Beedie partnership in Peru promotes community engagement for social change and globally responsible leadership

Jan 09, 2018

Tags: ,

Students participate in the new Co-Laboratorio AQP program run by Beedie in partnership with Universidad Catolica San Pablo in Arequipa Peru

Beedie faculty June Francis and Kristina Henriksson have launched the new Co-Laboratorio AQP program in partnership with Universidad Catolica San Pablo in Arequipa Peru (UCSP), sharing Beedie’s philosophy of experiential learning and promoting socially responsible business on a global platform.

The first class of 36 students, drawn from across UCSP, recently completed the 20-week, innovative design “lab course” embedded in UCSP’s undergraduate curriculum. Through the program, students worked closely with community stakeholders to develop sustainable solutions to some of the complex socio-economic challenges facing the local region.

“We are helping our partner UCSP to implement a systems-centered design approach in the CoLab AQP course,” says Henriksson.

“This is based on the belief that any problem, even the most difficult ones – such as poverty, gender equality, or clean water for all – can only be solved by paying close attention to the systemic underlying causes”

One team of students tackled the issue of pollution and contamination in the agricultural land around Arequipa, caused by the false belief among farmers that burning organic waste after harvesting would benefit future crops. The team aims to create a social venture to buy organic waste from farmers, from which they will produce organic fertilizer, which can later be sold.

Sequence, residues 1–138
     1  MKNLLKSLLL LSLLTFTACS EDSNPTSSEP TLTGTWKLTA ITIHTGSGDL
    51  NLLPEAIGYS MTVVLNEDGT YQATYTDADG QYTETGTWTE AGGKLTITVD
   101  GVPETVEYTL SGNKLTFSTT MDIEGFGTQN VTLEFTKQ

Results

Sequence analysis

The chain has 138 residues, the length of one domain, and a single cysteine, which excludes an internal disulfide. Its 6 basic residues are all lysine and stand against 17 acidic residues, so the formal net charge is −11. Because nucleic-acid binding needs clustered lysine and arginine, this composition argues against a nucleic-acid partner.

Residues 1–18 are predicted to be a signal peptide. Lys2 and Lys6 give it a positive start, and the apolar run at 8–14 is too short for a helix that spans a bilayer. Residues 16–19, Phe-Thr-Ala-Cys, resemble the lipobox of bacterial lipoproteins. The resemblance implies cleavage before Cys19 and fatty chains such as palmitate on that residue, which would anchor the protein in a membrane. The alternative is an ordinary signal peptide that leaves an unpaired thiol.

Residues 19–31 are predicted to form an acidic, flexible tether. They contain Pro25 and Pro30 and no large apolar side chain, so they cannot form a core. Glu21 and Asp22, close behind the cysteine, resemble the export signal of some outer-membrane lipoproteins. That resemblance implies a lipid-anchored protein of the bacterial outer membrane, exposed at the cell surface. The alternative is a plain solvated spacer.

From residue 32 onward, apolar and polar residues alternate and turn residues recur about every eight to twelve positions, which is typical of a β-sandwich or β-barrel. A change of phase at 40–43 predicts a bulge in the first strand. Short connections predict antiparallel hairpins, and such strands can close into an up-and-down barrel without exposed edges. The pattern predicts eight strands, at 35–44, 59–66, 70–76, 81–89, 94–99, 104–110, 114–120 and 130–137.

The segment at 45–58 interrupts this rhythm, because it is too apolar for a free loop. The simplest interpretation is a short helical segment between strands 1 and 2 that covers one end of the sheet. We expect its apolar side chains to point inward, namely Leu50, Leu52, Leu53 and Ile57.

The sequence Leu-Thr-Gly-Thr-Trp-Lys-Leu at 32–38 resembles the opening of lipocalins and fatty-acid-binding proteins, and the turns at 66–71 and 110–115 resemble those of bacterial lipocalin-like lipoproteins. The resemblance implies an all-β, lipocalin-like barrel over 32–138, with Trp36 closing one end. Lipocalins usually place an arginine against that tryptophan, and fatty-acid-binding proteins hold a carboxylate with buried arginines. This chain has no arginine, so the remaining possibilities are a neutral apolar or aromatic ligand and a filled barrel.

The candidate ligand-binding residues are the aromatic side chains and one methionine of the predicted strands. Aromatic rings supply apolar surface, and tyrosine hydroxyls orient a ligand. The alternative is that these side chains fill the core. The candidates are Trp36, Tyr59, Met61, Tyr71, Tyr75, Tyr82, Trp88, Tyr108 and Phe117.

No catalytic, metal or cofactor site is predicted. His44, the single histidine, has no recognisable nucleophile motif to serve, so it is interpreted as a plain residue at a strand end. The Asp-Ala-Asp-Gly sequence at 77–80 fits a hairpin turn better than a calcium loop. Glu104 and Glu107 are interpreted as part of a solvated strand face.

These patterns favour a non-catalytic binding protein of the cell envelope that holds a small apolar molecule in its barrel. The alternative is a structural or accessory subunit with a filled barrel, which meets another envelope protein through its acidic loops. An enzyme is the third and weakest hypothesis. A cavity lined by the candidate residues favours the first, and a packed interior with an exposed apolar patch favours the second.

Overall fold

The team consulted with farmers to gain a greater understanding of their situation and how they could be incentivized to change their practices.

“One of my greatest lessons from CoLab was understanding the perspective of the farmers,” says team leader Marinés Mattos.

“I think that young people and everyone in general can make a change, even if it is very small, and we can all collaborate to make a better world.”

Another team targeted the lack of earthquake preparedness in the region, which is at a high risk of seismic activity. The team proposes working with local emergency services and private donors to train residents in preventative measures in case of earthquakes, so consequences could be reduced.

“There are many problems we face as a society, in this city,” says team member Diego Loayza.

“I think the CoLab is a good opportunity to grapple with these problems with stakeholders, bringing our different perspectives and working together.”

CoLab AQP forms part of the larger Co-Laboratorio Peru project at SFU, led by Francis and Henriksson and funded by Global Affairs Canada (through CIRDI). CoLab Peru conducts applied research on inclusive sustainable development from natural resources through advancing cross-sector collaborative learning, planning, governance and practices—for more resilient solutions.

For more information on Co-Laboratorio Peru, visit